“Where’s the money?” While that’s the second question in government, it’s also the one that really matters most. The debates that fuel elections and the legislative process are usually about the first question: “What shall we do?” But the answers to that are largely irrelevant if you can’t find the money to pay for what you want to do.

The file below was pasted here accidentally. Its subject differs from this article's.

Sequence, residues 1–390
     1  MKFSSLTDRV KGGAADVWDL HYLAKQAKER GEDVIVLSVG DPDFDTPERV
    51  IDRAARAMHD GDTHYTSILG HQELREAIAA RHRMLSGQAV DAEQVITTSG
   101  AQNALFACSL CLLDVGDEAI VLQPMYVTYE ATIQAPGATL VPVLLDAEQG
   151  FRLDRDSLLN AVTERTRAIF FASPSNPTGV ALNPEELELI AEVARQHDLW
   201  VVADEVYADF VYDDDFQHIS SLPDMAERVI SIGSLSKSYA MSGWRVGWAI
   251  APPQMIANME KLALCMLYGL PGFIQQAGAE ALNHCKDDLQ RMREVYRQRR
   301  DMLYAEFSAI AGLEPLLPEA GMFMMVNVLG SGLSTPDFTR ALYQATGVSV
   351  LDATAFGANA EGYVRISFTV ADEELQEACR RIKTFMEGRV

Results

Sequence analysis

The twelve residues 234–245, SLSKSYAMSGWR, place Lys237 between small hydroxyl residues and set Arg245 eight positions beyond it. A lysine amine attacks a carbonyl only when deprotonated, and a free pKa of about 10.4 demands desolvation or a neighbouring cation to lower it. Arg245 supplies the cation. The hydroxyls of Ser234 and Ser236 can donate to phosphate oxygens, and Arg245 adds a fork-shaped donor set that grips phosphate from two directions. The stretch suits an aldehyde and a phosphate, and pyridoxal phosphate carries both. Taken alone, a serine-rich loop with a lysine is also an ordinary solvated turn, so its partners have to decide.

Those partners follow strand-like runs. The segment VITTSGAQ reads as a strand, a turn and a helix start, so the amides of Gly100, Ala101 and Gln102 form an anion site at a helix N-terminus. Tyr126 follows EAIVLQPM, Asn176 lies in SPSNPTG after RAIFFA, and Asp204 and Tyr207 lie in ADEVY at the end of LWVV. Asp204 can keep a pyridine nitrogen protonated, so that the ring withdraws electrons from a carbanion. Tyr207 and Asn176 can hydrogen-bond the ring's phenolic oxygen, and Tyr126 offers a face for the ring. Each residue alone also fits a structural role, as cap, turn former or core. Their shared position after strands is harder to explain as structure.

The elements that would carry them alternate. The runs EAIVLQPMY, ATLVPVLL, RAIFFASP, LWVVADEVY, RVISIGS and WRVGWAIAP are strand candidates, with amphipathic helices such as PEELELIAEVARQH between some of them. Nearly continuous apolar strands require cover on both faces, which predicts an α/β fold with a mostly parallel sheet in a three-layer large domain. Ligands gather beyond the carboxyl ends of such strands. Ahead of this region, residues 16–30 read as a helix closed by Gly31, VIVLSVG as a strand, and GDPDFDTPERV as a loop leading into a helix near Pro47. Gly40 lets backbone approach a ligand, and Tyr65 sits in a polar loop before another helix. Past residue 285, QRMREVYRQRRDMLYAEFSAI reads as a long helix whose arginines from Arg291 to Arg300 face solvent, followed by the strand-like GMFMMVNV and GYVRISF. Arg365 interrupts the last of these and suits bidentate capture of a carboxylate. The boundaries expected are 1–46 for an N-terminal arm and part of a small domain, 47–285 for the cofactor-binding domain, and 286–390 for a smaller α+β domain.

Financial crises are a perennial and perhaps endemic feature of democratic government, in part because so few public officials want to make this connection between money and the policies they advocate. Lois Scott, Chicago’s chief financial officer and the leader of the Municipal CFO Forum, echoes this theme. When a public official says, for example, “I’m for job creation,” Scott wonders, “Who’s opposed to job creation?” Anyone can talk about what government should do. The critical issue is how we will find the money to get these things done. That issue is the central theme of a new memoir by Richard Ravitch, former lieutenant governor of New York and co-chair, with Paul Volcker, of the State